Backup batteries and generators are hardly a hot topic -- until they fail.
That's when companies take a keen interest in data center power backup. They question why backup power
At least, that's what backup battery monitoring service providers hope they'll do. It's one way that customers end up at Canara Inc., a battery, an uninterruptable power supply (UPS) and monitoring services provider based in San Rafael, Calif., that formerly was called IntelliBatt.
They are doing this for data center operators who hate batteries.
senior research analyst, Navigant Research
"Some [of our customers] have had to pay damages for outages or have multi-tenant data centers that have [service-level agreements] they need to live up to," said Tom Barton, Canara's CEO and former CEO of Rackable Systems Inc. Barton joined the company last year and hopes to turn it into another Rackable story (minus the part where he resigns due to a disagreement with the board).
One of Canara's customers, Cologix Inc., a colocation provider based in Denver, owns 12 data centers in various locations and supports over 550 customers. It uses Canara's battery monitoring software and services for all its critical batteries, said Matthew Spencer, Cologix CTO.
Cologix has grown by acquisition, and many of the facilities it bought didn't monitor batteries at all -- a risk not worth taking since even brand-new backup battery units may not work, Spencer said.
That could have been a problem at its Montreal facility had it not performed battery maintenance just weeks before Hurricane Sandy in October. It found that one of its new batteries was a dud and switched it out, Spencer said.
During Hurricane Sandy, none of the many data centers supported by Canara lost internal power, according to the company. Some of its many large enterprise customers include Boeing, Digital Realty Trust, Charles Schwab, Equinix, FedEx, Fidelity Investments, Savvis and Wal-Mart.
"It's all about making sure that this stuff works when it needs to -- making sure ahead of time that the batteries can support a load that they may be tasked with," Canara's Barton said.
Extending battery life with monitoring
Extending the useful life of backup batteries, which last only a few years and can cost about $250 each, may be more valuable than preventing outages, especially for massive data centers with thousands of them, according to Sam Jaffe, senior research analyst at Navigant Research based in Boulder, Colo.
"It's a dark art to figure out how to extend the life from three to five years, and that is worth the investment in monitoring," Jaffe said.
Cologix uses Canara's predictive analysis and monitoring service to extend the life expectancy of its backup batteries, with good results.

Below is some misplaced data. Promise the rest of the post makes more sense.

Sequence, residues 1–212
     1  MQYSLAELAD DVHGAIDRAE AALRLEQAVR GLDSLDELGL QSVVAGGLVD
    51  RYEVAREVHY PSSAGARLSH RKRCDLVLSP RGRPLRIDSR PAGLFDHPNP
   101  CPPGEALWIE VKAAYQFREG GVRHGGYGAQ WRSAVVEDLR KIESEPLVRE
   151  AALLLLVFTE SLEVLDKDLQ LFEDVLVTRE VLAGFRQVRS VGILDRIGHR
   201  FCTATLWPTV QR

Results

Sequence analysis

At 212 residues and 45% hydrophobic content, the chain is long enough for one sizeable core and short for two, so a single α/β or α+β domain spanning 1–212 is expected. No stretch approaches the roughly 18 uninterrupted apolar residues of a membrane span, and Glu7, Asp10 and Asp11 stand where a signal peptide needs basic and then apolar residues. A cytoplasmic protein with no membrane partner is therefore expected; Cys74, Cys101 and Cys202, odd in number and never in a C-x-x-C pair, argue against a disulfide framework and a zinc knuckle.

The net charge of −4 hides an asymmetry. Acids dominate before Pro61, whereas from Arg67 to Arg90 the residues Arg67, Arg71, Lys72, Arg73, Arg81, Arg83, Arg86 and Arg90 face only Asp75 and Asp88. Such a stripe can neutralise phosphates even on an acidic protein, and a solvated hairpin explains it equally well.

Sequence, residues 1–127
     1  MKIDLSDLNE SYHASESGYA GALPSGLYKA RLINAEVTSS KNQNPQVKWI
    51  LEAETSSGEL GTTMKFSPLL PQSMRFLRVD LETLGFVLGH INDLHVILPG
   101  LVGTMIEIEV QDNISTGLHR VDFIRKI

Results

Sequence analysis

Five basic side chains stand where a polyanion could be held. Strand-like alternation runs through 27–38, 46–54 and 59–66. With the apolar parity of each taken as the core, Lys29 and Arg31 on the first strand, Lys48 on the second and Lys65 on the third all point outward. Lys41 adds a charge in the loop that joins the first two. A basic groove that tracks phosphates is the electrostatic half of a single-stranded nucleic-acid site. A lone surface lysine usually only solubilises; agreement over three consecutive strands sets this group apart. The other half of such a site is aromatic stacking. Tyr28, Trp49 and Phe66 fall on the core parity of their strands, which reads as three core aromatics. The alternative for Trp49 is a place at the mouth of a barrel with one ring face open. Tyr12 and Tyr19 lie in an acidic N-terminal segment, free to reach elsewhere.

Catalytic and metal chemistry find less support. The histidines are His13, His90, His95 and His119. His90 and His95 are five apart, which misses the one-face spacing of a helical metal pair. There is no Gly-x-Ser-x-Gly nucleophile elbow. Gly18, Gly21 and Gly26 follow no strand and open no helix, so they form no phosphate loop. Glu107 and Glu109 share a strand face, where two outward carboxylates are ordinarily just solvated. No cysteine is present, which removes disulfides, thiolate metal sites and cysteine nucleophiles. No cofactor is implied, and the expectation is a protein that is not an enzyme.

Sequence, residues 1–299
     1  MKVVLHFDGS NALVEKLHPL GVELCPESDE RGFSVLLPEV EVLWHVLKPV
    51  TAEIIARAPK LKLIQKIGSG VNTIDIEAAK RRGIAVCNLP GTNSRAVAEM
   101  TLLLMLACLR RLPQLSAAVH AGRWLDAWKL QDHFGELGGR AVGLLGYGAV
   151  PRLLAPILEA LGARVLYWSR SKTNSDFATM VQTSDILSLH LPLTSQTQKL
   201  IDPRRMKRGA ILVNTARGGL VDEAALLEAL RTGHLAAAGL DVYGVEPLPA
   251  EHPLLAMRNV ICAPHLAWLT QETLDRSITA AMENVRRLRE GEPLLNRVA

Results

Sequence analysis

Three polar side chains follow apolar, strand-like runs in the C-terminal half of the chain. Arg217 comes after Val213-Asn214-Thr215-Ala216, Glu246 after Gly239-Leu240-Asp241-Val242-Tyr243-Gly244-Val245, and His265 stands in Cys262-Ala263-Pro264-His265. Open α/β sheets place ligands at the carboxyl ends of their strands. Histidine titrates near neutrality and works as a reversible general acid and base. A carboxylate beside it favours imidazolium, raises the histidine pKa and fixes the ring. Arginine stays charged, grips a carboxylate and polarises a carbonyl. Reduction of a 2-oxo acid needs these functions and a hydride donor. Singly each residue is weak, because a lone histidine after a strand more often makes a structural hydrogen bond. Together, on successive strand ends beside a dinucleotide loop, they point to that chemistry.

"We got religious around predictive analysis," Spencer said.
The idea of monitoring battery health to lengthen battery life appeals to data center managers such as Chris McLean, PE Director of Design for the Markley Group, a Boston-based hosting provider that performs backup power monitoring manually. But software that monitors battery health is more interesting to McLean than failure protection because preventing premature replacement can save money and ultimately help the environment by reducing cumulative battery waste, he said.
An investment in backup battery monitoring services from Canara starts at $16 per battery, per year, for small installations. The price per battery decreases as the size of the deployment increases.
"It isn't a frill expense -- it is economical," Jaffe said. "They are doing this for data center operators who hate batteries. They want to take that task off their hands, and are happy to pay someone to do it for them."
The battery monitoring software measures temperature, AC ripple current, voltage and other data points that are analyzed by Canara's battery experts. The data is used to report trends and to help customers maximize battery life.
There are a number of other power supply vendors that offer monitoring software. For example, in April, Schneider Electric delivered an updated data center infrastructure management suite, StruxureWare for Data Centers v2.0, which includes a feature that data center managers can use for power monitoring, analysis and power quality.
That product keeps monitoring in the hands of IT, while Canara's monitoring service takes battery monitoring completely off of IT's task list.
"[Canara] sends us reports to look at, but they have battery specialists who know everything there is to know about how batteries behave," Spencer said. "Those experts look at the trends and can tell us how long the batteries will last."
Branch circuit monitoring
Canara's latest service, Branch Circuit Monitoring, goes deeper into the data center and monitors the individual circuits located in a PDU or circuit panel. This allows for load-based cost allocation and improved capacity planning.
"It allows us to monitor our customers' utilization of the circuit at the panel level," said Cologix's Spencer, who tested the Branch Circuit Monitoring technology. "If we want to keep a customer amp[erage] at a certain level, this allows us to monitor that … and lets us know if the customer needs an additional circuit."
The company also offers cloud-based reporting, monitoring and management now to allow data center operators to view site-specific, regional and executive reports. The reports include data collected on UPS, batteries, power distribution, temperatures and more.